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Can Antenna reduce the radio signal strength when it receive

  1. Nov 28, 2016 #1
    • When antenna receive the radio signal does it reduce the actual radio signal strength or strength indeed depends on the dispersion loss and other dielectric absorption?
    • If antenna doesn’t reduce the radio signal strength(power), how it generates the current in the receiving antenna circuit? How antenna in this case is not affected by law of conservation - radio signal doesn’t loose its power even generating current in the antenna.
    • If antenna affects the signal strength of the radio signal, does more antenna means more power to transmit for transmitter?
     
  2. jcsd
  3. Nov 28, 2016 #2

    jasonRF

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    Yes, when an antenna receives a radio signal it is taking energy away from the radiowave. For most practical systems this is a tiny amount of energy, though. When I tune my FM radio to a signal, it has no significant effect on the signal strength available to my next door neighbor.

    I'm not sure what you are talking about here - I thought you were discussing a receive antenna. What transmitter are you referring to?

    Jason
     
  4. Nov 28, 2016 #3

    rbelli1

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    The energy has already been emitted so it is irrelevant to the transmitter if you collect that energy or it just continues on by. This will not be true if you are close enough for near field effects to come into play. Then you are affecting the characteristics of the transmitting antenna.

    BoB
     
  5. Nov 29, 2016 #4
    So if I have satellite transmitter and my transmitting power should cover only area depending upon the dispersion loss by inverse R^2. If i have increase number of antenna does my transmitting power needs to be increased since there are losses? In other scenario if I have a close room and I have a transmitter with a fixed power. If my number of antenna increase does the reception power decreases?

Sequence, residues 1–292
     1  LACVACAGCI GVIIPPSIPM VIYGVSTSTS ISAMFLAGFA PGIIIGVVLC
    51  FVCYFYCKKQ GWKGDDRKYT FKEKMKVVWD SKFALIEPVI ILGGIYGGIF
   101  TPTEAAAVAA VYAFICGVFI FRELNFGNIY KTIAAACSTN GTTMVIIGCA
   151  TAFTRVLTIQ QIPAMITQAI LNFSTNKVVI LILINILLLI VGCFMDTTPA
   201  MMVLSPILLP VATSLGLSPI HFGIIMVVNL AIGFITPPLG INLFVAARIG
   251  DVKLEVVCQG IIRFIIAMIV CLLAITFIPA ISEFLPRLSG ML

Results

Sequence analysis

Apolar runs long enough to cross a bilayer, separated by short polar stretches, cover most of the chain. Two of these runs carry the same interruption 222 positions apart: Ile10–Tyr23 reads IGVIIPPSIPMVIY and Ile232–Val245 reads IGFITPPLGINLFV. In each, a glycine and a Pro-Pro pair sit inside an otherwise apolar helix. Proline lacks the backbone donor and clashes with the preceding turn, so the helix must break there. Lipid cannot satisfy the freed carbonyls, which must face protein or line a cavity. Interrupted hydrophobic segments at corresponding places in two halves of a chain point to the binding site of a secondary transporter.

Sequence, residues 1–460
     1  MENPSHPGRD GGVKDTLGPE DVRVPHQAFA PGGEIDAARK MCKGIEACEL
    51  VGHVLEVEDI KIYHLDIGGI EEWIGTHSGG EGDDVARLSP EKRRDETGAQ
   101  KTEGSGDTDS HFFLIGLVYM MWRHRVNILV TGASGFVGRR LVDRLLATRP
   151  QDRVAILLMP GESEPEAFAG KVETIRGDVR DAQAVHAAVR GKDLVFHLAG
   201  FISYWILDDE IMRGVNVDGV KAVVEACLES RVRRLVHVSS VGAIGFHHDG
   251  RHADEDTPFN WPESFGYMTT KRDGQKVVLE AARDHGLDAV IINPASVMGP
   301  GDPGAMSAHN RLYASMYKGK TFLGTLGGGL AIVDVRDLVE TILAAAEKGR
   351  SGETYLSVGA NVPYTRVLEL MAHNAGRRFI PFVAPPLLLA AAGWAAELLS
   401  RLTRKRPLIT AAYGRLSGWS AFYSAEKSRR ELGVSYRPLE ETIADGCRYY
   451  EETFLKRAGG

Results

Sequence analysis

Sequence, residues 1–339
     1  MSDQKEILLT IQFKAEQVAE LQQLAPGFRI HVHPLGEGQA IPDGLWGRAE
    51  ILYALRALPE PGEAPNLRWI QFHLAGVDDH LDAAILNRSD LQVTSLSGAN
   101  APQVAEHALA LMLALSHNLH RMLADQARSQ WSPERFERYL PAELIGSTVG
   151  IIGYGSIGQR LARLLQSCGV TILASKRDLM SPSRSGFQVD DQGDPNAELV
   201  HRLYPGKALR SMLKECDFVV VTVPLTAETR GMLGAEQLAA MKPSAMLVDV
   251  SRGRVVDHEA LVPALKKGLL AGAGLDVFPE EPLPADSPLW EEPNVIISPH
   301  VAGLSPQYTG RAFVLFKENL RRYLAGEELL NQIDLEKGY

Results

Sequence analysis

6. Nov 29, 2016 #5

    davenn

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    not in a measurable way ( well I would be surprised is it could be) ... there is still much more energy bypassing all those antennas (not being captured ) than what is captured.
    Now if you have antennas in a line, that is different as the rear antenna will be in the shadow of the front antenna ( the one closer to the transmitter) and it will of course receive less signal

    read again JasonRF's post and his first comment ... That is your answer
     
  7. Nov 29, 2016 #6

    sophiecentaur

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    That general principle certainly applies in most cases. There is an interesting exception to this principle, though. Medium Frequency (vertically polarised of course) ground waves will propagate along the ground and follow the curve of the Earth. The energy does not tend to carry out along a tangent but the wave front has a forward tilt, due to resistive losses in the Earth. Energy gets directed downwards, out of the region just above the surface. Cities, with lots of steel structures (and receiving antennae) have a definite shadow, downstream from a transmitter but the signal strength rises back up, after a few km to what you'd expect, if the city were not there.
    This forward tilt of a VP wave can be used by long wire antennae, supported on a series of short poles, radially in the direction of travel of the wave. Google Beverage Antenna; an excellent, cheap and cheerful directional MF antenna (OK if you happen to have a few hundred metres of land available).
     
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